Yet, SM Prime officials led by Hans Sy were on the table this week along with tycoons Jaime Augusto Zobel de Ayala of the Ayala Group, San Miguel Corp.’s Ramon Ang and Metro Pacific Investments chair Manuel Pangilinan.
Moreover, the signing happened within the targeted 100 days of the Duterte administration.
Such cooperation among businessmen is not so common, which is why it makes news. Tugade touted it as the private sector banding together due to the “euphoria” created by Duterte’s administration.
That may be true. But to balance things out, we’re also hearing another narrative, one far less friendly. We don’t doubt that businessmen also want to do their share to help. But in recent circumstances, there’s apparently some degree of fear in the private sector.
After all, anyone can take a look at the swift fate of Roberto Ongpin’s Philweb, or even the mining sector.
One businessman told us that there was no choice but to cooperate with a popular administration. Another jokingly pointed out that thousands were surrendering in Duterte’s war on drugs.
“If we don’t cooperate, we might have to surrender our businesses, too,” the individual quipped. Miguel R. Camus
Looking (far) ahead
TV5 WANTS to strengthen its sports brand, and it’s looking ahead. Four years ahead, to be exact.
Incoming TV5 CEO Vincent “Chot” Reyes, a former basketball coach, said they were already in talks to acquire the exclusive rights to air the Tokyo Olympics in 2020 and the next event in 2024.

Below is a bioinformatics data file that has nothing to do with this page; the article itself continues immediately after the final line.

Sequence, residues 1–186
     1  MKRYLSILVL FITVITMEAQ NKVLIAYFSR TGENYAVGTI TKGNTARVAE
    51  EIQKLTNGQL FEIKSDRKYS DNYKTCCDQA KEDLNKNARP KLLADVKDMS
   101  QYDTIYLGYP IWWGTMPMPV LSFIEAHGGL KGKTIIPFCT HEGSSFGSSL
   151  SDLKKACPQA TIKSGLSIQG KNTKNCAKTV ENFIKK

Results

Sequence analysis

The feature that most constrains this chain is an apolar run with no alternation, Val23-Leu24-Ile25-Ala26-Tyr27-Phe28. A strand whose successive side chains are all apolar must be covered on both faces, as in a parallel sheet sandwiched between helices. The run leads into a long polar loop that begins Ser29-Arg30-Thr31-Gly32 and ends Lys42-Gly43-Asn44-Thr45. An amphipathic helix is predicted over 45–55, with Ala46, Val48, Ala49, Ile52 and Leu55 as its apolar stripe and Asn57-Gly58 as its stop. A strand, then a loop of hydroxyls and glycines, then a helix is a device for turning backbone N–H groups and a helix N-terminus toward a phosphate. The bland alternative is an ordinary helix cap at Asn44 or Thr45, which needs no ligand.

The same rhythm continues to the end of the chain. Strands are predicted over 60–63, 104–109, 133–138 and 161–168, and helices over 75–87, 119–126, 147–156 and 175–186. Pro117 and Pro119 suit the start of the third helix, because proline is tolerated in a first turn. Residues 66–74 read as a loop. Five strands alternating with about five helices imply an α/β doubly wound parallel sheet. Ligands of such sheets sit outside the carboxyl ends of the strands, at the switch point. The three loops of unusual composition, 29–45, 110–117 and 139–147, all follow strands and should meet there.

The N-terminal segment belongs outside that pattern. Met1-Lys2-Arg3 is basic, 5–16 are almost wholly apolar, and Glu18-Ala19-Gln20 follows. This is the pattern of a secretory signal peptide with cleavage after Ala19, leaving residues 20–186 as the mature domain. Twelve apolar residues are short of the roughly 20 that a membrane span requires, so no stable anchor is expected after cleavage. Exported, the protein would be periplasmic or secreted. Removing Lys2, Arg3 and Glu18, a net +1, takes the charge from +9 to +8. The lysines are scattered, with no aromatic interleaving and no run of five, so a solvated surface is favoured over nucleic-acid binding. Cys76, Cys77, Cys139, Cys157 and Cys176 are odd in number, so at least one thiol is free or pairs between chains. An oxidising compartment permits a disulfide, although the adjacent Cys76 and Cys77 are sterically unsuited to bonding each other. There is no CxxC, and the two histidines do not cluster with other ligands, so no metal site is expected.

Of course, TV5 bagged that right to the recently concluded Summer Olympics in Brazil.
Apparently, those events come at a “humongous” cost, but the returns for the TV5 brand and the broader PLDT Group were well worth the cost.
“The Olympics is one of the most valuable sports properties in the world. We cannot not have the Olympics,” Reyes said.
TV5 trails rivals ABS-CBN Corp. and GMA Network in television ratings. So how does the No. 3 TV network in the country score such a prestigious event?
Dentsu Sports Asia, which holds broadcast rights for the Olympics in various jurisdictions, talks to all the major TV networks. But Reyes said he was confident about their prospects.
Of course, there’s that long-standing relationship between TV5 and Dentsu. But their edge also lies with TV5’s affiliation to the PLDT Group, which has access to millions of subscribers around the country.
Reyes noted that those behind the Olympics recognize the importance of various mobile and digital channels beyond traditional platforms like television.Miguel R. Camus
Jolly dance app
THE BEE has entered the digital space with the launch of its first mobile app “JollyDance Showdown.” It’s not an e-commerce/online ordering app but an entertainment app that uses augmented reality—the same location-based technology used by mobile gaming sensation Pokemon Go, one that superimposes a computer-generated image on a user’s view of the real world.
The new app developed by homegrown fast food giant Jollibee Foods Corp. allows children to experience JolliDance every time they buy a Jolly Kiddie Meal by scanning the Jolly Joy box. Not all kids have access to smart phones at such an early age, you might say, but there’s probably a critical mass out there who have access to tablets/iPads.
The app also allows users to create dance parties with the Bee and other Jollibee characters like Hetty, Popo, Yum and Twirlie. The user can play as a “DJ” for Jollibee using the app, by composing dance tracks and making Jollibee dance to these tracks. The user can also snap a selfie to join Jollibee and friends in special choreographed dance numbers.
Jollibee can of course monetize the app if it ends up boosting foot traffic at its stores. If kids demand to get these kiddie meals, mom and dad will have to take them more frequently to a Jollibee restaurant, and give them tablets or lend them their smart phones to tinker with. Doris Dumlao-Abadilla